Man: Why do you call me Mr. Peanuts?
Corvid: If we called you Mr. Peanut we’d be exposing ourselves to civil litigation over trademark violation.
Man: Why not Mr. Sandwich? You eat more of my sandwiches.
Corvid: Peanuts are better for caching, they don’t get soggy. And you can carry three at a time in your beak.
Corvid: At least three. You can carry three easily, more than that, it might lack grace.
Man: I’ve been meaning to ask you, why do you sometimes cache vittles beneath the tires of parked automobiles? Don’t you mind your food getting squished?
Corvid: Ehn, we haven’t figured cars out 100% yet.
Corvid: They make great toilets, though. That much we know.
Category Archives: Feral Living
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Man: Why do you call me Mr. Peanuts?
Walked a different route to the store at lunch today to avoid the crows, because I was just getting salad and salad disappoints them so.
Okay, that’s why they call hot glue “hot glue”.
Went into the men’s room at work to take a pee and when I went to unzip my zipper, it was already unzipped!
0.5 beard: the capacity of the rechargeable batteries in my battery-powered beard trimmer.
Emergency room doctor: So what brings you here?
Man: This, uh, mosquito bite.
Man: It was really super weirdly swollen yesterday. And red… and as I’ve had Lyme disease in the past, it seemed prudent to get it checked.
Doctor: (peers over glasses) Lyme disease you have to wait 2-3 weeks before symptoms appear. Also Lyme disease is still only transmitted by ticks. It wasn’t a tick was it?
Man: Actually it was my wife. I mean it was a mosquito, but my wife urged me to come in.
Man: See, my regular doctors are all on vacation.
Doctor: Did you put anything on it?
Man: Ice. That’s why it’s not swollen, maybe.
Doctor: (glances at watch)
Man: And I feel a little sick. And I have a scratchy throat. (coughs) And that cough just started.
Man: And my daughter, see. She’s sick and so I thought might be good to get that checked too.
Doctor: (to nurse) Any fever?
Nurse: (to man) Any allergies?
Man: Not yet.
Man: I mean, hay fever, but not currently suffering symptoms.
Nurse: (takes blood)
Doctor: Wait outside until we get the lab results back.
Man: (Reads sign: “Patients will be called in the order of seriousness of their condition and not the order in which they arrive”)
Man: (observes battery bar of phone getting shorter and redder)
Man: (Finds electrical outlet next to gas masks)
Man: (Texts, “This is like a combination of Kafka and…” but then deletes it, types, “The waiting room looks like an explosion in Frankenstein’s laboratory” then deletes that. Texts something to his family, makes a typo that looks like Italian, starts riffing more Italian until his family are all replying with question marks, then stops.)
Man: (Looks at gas masks, thinks, “if these were defibillators I could recharge my phone in one second”)
Man: (Types, “everyone is here: the person who didn’t watch where they were going, the person who cut corners, the person who pet the strange dog, the person who ran with scissors…” deletes it)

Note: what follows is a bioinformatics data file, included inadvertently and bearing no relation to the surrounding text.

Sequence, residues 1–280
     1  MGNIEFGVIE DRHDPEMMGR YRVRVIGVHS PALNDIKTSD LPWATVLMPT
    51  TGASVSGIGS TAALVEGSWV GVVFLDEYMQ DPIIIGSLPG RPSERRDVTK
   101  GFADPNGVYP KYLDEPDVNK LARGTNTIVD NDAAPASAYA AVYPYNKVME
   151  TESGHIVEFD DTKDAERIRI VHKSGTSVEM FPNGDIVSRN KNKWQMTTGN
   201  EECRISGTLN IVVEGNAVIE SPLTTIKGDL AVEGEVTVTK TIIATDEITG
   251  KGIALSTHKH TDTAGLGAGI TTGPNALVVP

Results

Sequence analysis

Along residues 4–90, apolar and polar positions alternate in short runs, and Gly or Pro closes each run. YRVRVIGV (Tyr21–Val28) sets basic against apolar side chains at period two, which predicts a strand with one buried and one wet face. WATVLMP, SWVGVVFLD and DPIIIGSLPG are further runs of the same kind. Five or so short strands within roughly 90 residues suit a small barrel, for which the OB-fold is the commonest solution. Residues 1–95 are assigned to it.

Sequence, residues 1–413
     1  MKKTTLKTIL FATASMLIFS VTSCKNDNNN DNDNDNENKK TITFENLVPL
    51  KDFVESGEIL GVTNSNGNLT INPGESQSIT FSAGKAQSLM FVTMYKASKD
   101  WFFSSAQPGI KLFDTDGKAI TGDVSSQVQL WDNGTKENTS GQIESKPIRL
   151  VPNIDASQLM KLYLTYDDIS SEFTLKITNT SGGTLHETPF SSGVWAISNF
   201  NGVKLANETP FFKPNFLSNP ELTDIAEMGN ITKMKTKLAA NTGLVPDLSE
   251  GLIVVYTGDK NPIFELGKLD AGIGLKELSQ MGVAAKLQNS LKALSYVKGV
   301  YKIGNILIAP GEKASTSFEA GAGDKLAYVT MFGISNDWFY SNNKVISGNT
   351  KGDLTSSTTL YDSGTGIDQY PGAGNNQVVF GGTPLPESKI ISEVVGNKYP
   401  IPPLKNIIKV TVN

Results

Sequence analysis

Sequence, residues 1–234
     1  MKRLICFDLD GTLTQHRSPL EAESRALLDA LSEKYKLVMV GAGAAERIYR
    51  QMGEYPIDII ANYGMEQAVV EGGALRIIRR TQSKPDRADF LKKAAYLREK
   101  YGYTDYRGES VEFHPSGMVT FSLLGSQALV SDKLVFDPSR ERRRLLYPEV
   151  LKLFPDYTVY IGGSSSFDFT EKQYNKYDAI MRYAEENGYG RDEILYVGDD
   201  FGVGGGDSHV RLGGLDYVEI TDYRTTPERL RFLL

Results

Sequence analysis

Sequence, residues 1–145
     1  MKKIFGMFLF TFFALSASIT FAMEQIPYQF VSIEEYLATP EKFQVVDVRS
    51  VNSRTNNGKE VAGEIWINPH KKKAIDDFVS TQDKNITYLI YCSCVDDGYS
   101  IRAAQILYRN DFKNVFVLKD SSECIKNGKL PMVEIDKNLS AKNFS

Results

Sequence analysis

Man: (Likes everything on Instagram. Posts a sunset picture.)
Man: (Wonders, did I remember to tell them I was feeling a little shakey too?)
Man: (Wonders: if he has to wait for someone to arrive with a condition less serious than a mosquito bite before his turn will come)
Man: (Watches battery icon turn green) Yes!
Man: (Watches four men on crutches race into examination room after being called out simultaneously)
Man: (Scrolls past a picture of a cat lying on a sidewalk without ‘liking’ it)
Man: (Wonders if they called out his name and he didn’t hear it because he was spaced out, or because they mispronounced it egregiously. Wonders if he should go, remembers hardware they put in his arm. Checks Twitter.)
Man: (Tries to remember title of novel he had an idea for, which was possibly better than the other title he had for it)
Man: (Is glad he wore his nice suit today)
(Trigger warning: violence against old ladies)
Last night, I kicked an old lady in the belly.
In my defense she was crowding me.
I thought I just got her leg or something.
It didn’t feel like a belly.
It felt like a leg, or a foot.
And when I was hanging at the end of the lane wiping fog off my goggles and she told me what had happened, I said “I’m sorry.”
Those exact words.
In my defense the pool was really crowded and people in the Austrian pools I’ve experienced have no pool culture.
Normally, you have a lane and you swim laps in it clockwise or counterclockwise.
In a systematic fashion, in other words.
In this pool last night, the left half was being used by kids training for some team and the lower half of the right half was full of very large persons with neoprene gloves standing around for a fitness class, and everyone else was sort of swimming around in what was left over.
Not that it really matters. I also feel uncomfortable in a pool with strict lanes, because what George Carlin says about driving – how all the other drivers are either idiots (slower than you) or maniacs (faster than you) also applies to swimming and I am usually an idiot but sometimes also a maniac, and I don’t like myself in either role.
So I was relieved when my wife got sick of it (and probably didn’t want to listen to anyone else I kicked tell them about the hip operation they just had) and we left and asked for our money back.
We didn’t get our money back but we got credit to use the next time we swim.
It won’t be on a Tuesday, that’s children’s day and they’re the worst.
On paper, Monday looked good – the whole right half of the pool was free, but that’s the difference between theory and practice for you.
Practice is always fucking with you.